The seventh Guru Har Rai Ji was a grandson of Guru Har Gobind Ji. As a child, he always wore heavy dresses with lots of pleats. One day as he was passing through Guru Ji's garden, the pleats of his dress struck to a flower; which got plucked and fell down on the ground. Har Rai Ji accidently stepped on the fallen flower, while walking through the garden. Guru Ji saw this and said to Har Rai Ji, “My son! Always watch out when you move around. Otherwise you may disturb the slumber of union of some blessed ones, tear them away from God; as you have torn this flower from its branch.” Har Rai Ji was deeply moved by these words and he took the advice to heart for the rest of his life. After this incident, whenever he walked, he carefully gathered the pleats of dress, so as to not repeat the incident again. Guru Har Rai Ji retained this humility for the rest of his life. In fact, the following Salok by Farid Ji from Guru Granth Sahib Ji became his dictum for life:
"Sabhanaa mun maanik thaahan mool machaangavaa. Jae tao pireeaa dee sik hiaao n thaahae kehee dhaa." — (SGGS, Pg. No.1384)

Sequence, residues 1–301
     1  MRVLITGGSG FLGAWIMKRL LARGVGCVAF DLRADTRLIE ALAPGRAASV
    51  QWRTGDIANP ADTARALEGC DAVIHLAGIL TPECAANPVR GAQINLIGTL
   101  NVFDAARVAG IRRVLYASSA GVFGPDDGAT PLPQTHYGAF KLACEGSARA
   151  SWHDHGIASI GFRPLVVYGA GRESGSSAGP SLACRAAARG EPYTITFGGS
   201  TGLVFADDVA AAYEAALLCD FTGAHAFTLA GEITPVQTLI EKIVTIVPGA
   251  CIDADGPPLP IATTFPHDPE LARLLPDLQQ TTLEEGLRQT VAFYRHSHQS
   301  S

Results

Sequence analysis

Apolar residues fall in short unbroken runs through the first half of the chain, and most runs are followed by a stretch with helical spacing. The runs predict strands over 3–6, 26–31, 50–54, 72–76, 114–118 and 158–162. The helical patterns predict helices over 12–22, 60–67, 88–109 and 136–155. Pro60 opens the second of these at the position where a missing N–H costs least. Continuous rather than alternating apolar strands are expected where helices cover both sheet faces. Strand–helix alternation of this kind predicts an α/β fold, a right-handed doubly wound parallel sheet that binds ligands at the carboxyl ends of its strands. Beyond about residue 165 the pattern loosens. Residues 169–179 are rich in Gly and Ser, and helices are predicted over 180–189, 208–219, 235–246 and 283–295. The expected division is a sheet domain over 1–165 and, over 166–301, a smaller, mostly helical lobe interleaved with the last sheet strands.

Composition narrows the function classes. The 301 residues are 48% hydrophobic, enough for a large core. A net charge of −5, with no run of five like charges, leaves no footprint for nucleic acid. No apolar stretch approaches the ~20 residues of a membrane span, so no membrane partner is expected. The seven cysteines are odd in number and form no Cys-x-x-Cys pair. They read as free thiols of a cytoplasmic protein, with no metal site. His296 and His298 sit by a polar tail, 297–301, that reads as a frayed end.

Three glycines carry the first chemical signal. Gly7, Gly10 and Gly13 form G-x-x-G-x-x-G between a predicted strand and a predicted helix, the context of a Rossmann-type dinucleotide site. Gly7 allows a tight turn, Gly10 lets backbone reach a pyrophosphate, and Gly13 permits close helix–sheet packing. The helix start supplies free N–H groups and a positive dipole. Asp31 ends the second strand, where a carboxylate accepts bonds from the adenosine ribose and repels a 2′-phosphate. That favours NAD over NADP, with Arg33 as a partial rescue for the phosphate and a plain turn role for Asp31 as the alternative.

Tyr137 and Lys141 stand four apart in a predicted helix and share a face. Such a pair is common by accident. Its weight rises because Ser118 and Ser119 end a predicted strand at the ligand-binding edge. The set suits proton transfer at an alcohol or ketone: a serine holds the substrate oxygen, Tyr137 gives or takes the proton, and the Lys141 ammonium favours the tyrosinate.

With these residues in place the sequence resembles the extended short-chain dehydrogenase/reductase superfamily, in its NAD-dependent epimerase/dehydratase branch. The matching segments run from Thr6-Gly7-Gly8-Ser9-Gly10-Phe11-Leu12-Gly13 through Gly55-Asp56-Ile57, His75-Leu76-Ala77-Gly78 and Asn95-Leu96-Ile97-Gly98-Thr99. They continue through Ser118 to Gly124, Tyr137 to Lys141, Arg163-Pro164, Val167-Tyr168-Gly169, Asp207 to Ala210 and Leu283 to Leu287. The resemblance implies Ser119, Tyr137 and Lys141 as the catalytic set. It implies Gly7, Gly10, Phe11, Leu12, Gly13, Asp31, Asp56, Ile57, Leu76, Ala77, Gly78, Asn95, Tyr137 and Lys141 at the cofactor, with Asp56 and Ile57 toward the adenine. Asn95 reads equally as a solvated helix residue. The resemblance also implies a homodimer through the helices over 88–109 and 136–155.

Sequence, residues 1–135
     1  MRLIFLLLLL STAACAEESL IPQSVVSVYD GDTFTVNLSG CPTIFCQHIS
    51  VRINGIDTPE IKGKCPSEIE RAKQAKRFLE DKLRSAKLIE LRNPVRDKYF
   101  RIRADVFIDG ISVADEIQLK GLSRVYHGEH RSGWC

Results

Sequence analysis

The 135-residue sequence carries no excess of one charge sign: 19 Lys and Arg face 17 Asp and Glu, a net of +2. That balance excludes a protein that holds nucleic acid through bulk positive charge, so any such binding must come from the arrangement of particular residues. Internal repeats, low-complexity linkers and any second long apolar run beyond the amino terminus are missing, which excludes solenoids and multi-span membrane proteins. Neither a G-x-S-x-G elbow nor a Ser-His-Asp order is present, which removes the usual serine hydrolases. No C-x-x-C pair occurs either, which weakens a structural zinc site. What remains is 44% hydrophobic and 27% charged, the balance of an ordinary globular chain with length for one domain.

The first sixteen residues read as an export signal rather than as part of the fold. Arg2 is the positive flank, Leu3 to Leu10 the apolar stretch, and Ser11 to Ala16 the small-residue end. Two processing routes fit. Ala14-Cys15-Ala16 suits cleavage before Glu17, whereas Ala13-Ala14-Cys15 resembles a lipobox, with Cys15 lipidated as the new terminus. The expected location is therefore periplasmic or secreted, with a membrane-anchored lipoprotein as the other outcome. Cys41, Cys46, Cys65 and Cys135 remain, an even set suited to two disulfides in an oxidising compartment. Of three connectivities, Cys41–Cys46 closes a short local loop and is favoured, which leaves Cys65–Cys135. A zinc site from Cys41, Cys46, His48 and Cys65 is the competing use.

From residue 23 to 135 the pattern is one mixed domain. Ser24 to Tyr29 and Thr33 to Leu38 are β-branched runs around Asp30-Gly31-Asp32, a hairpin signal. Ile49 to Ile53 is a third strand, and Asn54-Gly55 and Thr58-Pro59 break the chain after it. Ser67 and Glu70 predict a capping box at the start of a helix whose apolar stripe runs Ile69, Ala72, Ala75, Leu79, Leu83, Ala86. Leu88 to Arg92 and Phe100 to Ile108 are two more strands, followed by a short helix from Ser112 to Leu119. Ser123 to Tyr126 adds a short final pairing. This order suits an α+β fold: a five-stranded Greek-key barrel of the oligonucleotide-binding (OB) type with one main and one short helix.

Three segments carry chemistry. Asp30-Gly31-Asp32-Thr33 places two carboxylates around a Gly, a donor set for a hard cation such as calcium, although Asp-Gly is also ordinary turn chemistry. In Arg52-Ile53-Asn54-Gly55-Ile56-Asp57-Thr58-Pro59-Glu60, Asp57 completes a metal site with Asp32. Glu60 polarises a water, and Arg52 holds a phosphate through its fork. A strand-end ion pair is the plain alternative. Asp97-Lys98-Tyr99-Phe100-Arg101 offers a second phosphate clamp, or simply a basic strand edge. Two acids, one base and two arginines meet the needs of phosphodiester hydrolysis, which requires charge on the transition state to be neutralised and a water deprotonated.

Meaning: The minds of all are like precious jewels; to harm them is not good at all. If you desire your Beloved, then do not break anyone's heart.
Thus, living a life of humility, Guru Har Rai Ji inspired others to do the same. One night a group Sikhs singing hymns to the accompaniment of musical instruments arrived to visit upon Guru Ji. Guru Har Rai Ji was in his bed sleeping. Suddenly he was awakened by the sounds. Guru Ji got up in a hurry from the bed and in the process injured his toe. Although he was bleeding from his toe, he did not stop to take care of the wound, but rushed down a flight of stairs to welcome the party coming to visit him while singing hymns. Guru Ji warmly welcomed the incoming party. One Sikh from the visitor’s party noticed the bleeding toe and inquired about it. Guru Ji replied that he tripped against the bed while he was trying to get up. That Sikh in empathy asked Guru Ji what was the need to rush like that in the total darkness. He further added that hymns are yours, and so is the whole Holy Scripture which Gurus have authored. Guru Har Rai Ji replied that what he said was absolutely true, but these are not just Gurus uttering alone, but the words are embodiment of Gurus own personal experiences. Guru Ji clarified that these words can ferry a person across the flaming worldly ocean to the other world. Therefore, it is imperative that when these words are uttered or sung, these words should always be accorded highest reverence. By this incident Guru Ji set an example of reverence and humility.